Manon at the London Coliseum: An unparalleled delight
Created in the 1970s by Kenneth MacMillan and based on an 18th-century novel by Abbé Prévost, the magnificent Manon performed by the English National Ballet is an unparalleled delight.
About innocence and true love corrupted by the desire to escape poverty amid the lure of worldly temptations, this fervid, voluptuous, heartbreaking story is exquisitely rendered by an exemplary cast of dancers in a seamless production. Highlighting this piece are breathtaking performances by Begoña Cao as Manon and Aitor Arrieta as her devoted Des Grieux.
In pre-revolutionary France, a naïve country girl, Manon, is seduced by the lures of wealth and prestige while on her way to a convent. A rich Monsieur GM offers her furs and jewels, leading her astray, but her meeting and falling for young penniless student Des Grieux complicates her trajectory. Her greedy brother Lescaut arranges to pair her with the prosperous man, leading her to become a courtesan. Manon and her lover escape to Paris, but she is found by Lescaut and enticed by Monsieur GM’s money. The protagonist gradually sinks into prostitution and is deported to New Orleans while eternally loyal Des Grieux follows her, risking everything to help her, though ultimately he cannot save her.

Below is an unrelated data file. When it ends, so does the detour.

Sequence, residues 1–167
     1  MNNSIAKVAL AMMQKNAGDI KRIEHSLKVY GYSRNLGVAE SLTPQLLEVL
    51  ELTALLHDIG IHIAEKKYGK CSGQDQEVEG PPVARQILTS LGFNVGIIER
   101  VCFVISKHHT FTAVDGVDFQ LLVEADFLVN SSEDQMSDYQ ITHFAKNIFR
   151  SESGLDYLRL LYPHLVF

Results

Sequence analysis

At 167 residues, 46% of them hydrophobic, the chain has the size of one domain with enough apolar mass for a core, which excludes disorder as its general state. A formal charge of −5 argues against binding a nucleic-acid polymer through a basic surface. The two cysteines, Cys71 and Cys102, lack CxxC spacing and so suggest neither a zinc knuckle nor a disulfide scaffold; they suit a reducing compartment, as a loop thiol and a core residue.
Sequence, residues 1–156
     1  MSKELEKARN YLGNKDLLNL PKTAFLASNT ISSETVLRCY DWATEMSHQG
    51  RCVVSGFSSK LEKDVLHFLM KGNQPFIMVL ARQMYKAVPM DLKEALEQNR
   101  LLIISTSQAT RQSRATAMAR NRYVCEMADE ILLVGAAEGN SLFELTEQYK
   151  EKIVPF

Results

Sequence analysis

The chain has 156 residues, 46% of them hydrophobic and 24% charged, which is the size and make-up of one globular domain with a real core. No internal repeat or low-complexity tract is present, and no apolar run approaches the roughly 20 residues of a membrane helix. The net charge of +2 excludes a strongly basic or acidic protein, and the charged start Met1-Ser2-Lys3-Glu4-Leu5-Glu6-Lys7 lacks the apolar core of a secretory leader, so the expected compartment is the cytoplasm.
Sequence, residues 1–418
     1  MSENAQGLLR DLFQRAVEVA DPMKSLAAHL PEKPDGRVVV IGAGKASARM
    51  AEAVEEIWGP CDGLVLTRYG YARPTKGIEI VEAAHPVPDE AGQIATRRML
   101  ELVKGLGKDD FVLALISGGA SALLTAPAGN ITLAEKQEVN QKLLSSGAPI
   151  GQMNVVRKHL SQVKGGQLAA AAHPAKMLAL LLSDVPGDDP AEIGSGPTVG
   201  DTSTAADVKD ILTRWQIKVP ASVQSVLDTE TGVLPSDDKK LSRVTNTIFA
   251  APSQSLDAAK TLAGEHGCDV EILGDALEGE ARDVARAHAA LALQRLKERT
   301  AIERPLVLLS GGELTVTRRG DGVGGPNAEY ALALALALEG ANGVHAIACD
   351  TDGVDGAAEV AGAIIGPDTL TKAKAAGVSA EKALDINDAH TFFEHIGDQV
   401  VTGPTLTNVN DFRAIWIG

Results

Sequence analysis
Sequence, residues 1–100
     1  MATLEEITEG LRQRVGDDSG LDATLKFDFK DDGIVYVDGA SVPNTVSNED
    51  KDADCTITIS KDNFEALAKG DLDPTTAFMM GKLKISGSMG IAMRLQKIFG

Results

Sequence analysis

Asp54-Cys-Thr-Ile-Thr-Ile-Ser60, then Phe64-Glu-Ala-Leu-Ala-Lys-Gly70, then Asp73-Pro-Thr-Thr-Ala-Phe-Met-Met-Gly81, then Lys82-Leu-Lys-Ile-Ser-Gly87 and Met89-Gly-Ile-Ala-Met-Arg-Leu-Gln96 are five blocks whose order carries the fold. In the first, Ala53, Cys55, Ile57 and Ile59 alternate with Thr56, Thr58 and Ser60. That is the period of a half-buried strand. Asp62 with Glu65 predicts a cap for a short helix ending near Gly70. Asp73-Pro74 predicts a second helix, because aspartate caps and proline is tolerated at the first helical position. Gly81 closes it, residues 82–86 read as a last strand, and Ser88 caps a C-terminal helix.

Cao is superbly passionate and moving in the lead role, and Arrieta’s agile style portrays a palpable sentimental idealism and searing emotion as Des Grieux. Souza’s Monsieur GM is expertly sinister and Saruhashi is a compellingly conniving Lescaut.
A relatively minimal set leaves the opulence of 18th-century Paris to the viewers’ imagination, but allows focus on the narrative and performances. Mia Stensgaard’s period costuming is sumptuous and colourful. Music by Jules Massenet and arranged by Martin Yates is sublimely evocative.
Top-notch choreography and dance poignantly manifest nuances of emotion in movement. Cao brilliantly transitions from innocence to confident sexuality, amorous tenderness, decadence and exhausted despair. Arrieta expresses masculine grace and heartbreaking, hopeless ardour and boyish virtue with dashing aplomb. His solo adagio and arabesques emanate ecstatic but innocent romantic ideals. The duo’s pas de deux are entrancingly beautiful and devastatingly moving. Particularly haunting is their intense final duet, in which a struggle between good and evil, devotion and desperation culminates in only the delicate essence and purity of true love in a tragic moment of eternal surrender.
An extraordinary and captivating work, the English National Ballet’s Manon is a rare and unmissable event.
Photo: Laurent Liotardo
Manon is at the London Coliseum from 16th until 20th January 2019. Book your tickets here.
Watch the trailer for Manon here: